2. "Company Of Wolves" (9:22) (16.5/20)

- a) Under the Hunters' Moon (3:30) babeling brook water sounds are soon joined by keys and percussives giving the soundscape a very fairy-like feeling. Barking and then heavy bass tom play enter providing quite a contrast to the delicate fairy sounds. (8/10)

- b) In the Company of Wolves (5:51) more background sounds from the fairy world before a cheap keyboard begins adding a pattern of chords. At 1:25 heavy, pounding drums re-enter before singer Les Dougan enters with a FISH- or OZZIE OSBORN-like vocal performance. The vocal dominates despite the tinny music's attempt to thicken and become more complex. Fairly impressive vocal performance. (8.5/10)

3. "The Cradle" (5:32) gentle prog start with pretty late-80s heavily chorused guitar strums over which the odd voice and stylings of Les Dougan sings. He gives it quite an impassioned try and it almost works. The background "harmony" vocals are pitiful. (8.25/10)

4. "Solstice" (3:40) opens with a fairly flagrant attempt to recreate a classic GENESIS. The metal voicings of Les Dougan soon arrive and not long thereafter the lead guitar (sounding more like BABYLON's David Boyko or MIREK GIL than Steve Hackett). Decent BABYLON-like song. (8.25/10)

5. "Cry Out" (5:33) An interesting m'lange of sound as each and every musician here seems to be drawing from different eras and styles of GENESIS or classic rock sounds, riffs, and styles. Les Dougan's singing gives it its own unique stamp (though there he uses a very familiar "St. Elmo's Fire" melody). (7.75/10)

6. "Gabrielle" (3:30) pure FISH theatrics in this vocal over acoustic guitar finger picking. Easily the best song on the album. (10/10)

7. "The Crucifixion" (15:39) (27.5/30)

- a) Part 1 (7:38) synth strings and pregnant New Wave-like bass line with straight time drum beat provide the sole backdrop for the first four minutes of Les's impassioned vocal. It works. Then there is a major softening--with only guitar and Les's whispering voice--before a burst forth into a speedy swinging pseudo-Rocky Horror-like section. At 5:50 there occurs another stop and slow down, this time for a low keyboard bass note over which spacey flanged synth strings slowly twist and snake their way to the end of this Part. (13/15)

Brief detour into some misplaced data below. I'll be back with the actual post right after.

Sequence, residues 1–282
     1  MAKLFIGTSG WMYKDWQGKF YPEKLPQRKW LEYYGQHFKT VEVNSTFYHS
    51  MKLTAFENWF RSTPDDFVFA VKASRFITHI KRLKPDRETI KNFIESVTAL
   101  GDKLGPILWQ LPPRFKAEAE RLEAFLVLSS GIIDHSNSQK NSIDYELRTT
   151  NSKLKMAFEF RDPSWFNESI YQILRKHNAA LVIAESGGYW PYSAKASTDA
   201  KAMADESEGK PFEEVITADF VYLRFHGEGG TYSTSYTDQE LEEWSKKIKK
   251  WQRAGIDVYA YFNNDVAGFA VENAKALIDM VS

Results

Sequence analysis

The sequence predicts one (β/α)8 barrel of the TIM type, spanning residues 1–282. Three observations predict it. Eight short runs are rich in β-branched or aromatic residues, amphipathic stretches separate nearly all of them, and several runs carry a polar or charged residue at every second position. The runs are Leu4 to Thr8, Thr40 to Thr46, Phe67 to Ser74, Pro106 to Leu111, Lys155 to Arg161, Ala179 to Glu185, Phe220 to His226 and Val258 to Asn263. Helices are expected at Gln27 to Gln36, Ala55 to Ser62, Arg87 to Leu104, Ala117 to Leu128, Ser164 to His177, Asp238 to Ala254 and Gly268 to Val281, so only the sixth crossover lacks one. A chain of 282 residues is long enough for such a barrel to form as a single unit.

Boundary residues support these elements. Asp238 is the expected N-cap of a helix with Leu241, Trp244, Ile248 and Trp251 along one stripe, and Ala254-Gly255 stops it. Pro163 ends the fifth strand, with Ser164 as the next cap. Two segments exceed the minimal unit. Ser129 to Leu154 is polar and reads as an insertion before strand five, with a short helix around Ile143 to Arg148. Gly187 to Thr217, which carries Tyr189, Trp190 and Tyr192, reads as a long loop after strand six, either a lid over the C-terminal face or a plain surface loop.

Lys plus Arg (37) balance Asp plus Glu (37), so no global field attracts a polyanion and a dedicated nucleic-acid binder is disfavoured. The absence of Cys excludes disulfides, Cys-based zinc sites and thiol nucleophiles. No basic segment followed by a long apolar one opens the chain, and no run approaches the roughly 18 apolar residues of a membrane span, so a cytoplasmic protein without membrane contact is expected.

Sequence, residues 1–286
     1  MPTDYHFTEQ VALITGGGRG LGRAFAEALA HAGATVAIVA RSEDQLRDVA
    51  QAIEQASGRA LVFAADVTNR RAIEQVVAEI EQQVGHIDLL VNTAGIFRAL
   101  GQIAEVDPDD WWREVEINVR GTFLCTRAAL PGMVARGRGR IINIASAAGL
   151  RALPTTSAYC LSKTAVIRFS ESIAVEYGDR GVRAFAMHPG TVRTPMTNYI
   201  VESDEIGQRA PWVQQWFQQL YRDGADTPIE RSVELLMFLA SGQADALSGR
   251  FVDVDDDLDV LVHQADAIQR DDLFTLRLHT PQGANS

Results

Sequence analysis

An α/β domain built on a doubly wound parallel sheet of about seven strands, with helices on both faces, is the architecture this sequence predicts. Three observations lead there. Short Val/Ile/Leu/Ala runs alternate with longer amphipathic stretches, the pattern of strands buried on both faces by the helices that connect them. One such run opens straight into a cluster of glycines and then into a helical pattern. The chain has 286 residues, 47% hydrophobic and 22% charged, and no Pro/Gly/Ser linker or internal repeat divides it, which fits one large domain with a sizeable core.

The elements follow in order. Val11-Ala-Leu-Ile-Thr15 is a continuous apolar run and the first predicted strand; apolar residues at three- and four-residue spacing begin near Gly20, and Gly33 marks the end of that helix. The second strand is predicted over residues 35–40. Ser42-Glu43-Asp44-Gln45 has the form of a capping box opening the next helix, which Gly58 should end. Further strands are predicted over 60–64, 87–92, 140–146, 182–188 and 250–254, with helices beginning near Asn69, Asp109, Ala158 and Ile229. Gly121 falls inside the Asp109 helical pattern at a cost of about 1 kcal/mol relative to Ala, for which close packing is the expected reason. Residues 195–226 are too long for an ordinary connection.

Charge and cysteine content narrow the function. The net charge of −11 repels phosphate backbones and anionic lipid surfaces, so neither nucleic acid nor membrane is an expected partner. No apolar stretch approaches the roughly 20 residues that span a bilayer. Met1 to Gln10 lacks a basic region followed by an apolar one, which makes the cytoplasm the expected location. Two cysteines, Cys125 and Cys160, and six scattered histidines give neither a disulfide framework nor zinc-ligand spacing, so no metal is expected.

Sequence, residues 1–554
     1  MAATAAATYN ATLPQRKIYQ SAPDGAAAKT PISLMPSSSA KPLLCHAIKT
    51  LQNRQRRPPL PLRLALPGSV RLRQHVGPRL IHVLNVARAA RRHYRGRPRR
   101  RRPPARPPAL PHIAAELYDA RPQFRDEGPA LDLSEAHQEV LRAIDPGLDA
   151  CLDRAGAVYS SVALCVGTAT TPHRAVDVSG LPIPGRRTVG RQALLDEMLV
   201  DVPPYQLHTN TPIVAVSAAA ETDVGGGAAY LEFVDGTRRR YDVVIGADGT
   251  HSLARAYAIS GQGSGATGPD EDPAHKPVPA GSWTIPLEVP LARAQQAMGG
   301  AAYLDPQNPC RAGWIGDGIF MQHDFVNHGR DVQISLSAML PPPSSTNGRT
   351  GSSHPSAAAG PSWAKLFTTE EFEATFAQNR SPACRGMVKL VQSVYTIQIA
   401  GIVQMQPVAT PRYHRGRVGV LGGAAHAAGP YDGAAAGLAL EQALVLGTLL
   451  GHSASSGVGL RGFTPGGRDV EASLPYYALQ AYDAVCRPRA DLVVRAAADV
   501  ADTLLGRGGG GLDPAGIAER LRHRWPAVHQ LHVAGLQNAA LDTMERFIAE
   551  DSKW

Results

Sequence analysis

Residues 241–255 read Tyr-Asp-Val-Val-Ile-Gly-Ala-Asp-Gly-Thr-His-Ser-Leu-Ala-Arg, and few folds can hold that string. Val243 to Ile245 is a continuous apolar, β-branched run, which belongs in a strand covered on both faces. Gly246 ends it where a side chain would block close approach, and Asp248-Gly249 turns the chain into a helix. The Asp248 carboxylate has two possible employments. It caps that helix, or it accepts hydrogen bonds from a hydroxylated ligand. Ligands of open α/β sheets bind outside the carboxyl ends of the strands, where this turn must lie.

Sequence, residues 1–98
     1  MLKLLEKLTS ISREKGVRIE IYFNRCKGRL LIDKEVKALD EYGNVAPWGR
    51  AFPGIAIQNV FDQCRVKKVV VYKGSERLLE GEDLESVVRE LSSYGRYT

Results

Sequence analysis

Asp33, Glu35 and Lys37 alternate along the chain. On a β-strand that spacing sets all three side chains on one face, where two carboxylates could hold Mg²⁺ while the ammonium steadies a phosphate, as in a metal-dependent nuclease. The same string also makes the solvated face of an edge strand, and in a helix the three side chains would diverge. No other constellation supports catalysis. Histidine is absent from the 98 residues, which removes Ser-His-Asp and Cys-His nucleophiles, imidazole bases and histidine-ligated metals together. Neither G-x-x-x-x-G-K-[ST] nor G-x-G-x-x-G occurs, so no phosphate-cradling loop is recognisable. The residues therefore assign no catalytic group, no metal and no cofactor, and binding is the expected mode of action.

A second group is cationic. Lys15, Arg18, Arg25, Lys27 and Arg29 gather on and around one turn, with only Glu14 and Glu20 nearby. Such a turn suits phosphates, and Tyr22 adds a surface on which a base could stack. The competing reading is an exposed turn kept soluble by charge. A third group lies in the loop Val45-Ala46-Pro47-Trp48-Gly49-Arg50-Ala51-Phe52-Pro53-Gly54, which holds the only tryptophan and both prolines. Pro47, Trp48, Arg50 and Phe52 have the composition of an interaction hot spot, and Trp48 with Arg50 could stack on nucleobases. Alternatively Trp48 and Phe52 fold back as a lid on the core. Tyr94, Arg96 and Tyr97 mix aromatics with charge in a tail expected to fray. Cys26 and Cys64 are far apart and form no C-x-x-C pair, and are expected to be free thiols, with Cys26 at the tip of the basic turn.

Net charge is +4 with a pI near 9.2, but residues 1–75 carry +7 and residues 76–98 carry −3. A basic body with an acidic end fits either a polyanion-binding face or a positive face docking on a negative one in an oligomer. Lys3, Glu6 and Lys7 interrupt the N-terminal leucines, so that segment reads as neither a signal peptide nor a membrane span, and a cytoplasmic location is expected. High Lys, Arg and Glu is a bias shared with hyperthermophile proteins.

- b) Part 2 (8:11) again the FISH and MARILLION comparisons are unavoidable. Les opens with singing over synth washes--which continue for a few minutes while eventually being joined by simple electric guitar "solo" arpeggi, bass, and drums. Les rejoins in the fourth minute to deliver an amazingly passionate "I'm still waiting" vocal before the band rises up to the album's first truly proggy instrumental passage, complete with multiple keyboard sounds and searing electric guitar soloing all at the same time. Impressive! Why they didn't do more like this I don't know. (14.5/15)

8. "For Your Eyes (Reprise)" (1:14) interesting outro. (4.5/5)

Total Time: 49:14

Odd that there are so few instrumental solos, that the songs are so reliant on a single theme and singer Les Dougan's impassioned vocals. The instrumentalists here are competent and do an admirable job of creating cohesive song constructs but their proficiency on their respective instruments seems to be under-confident and, perhaps, "under progress." Still, thanks to the stellar second half, this is an album that introduces to the world a band with tremendous potential.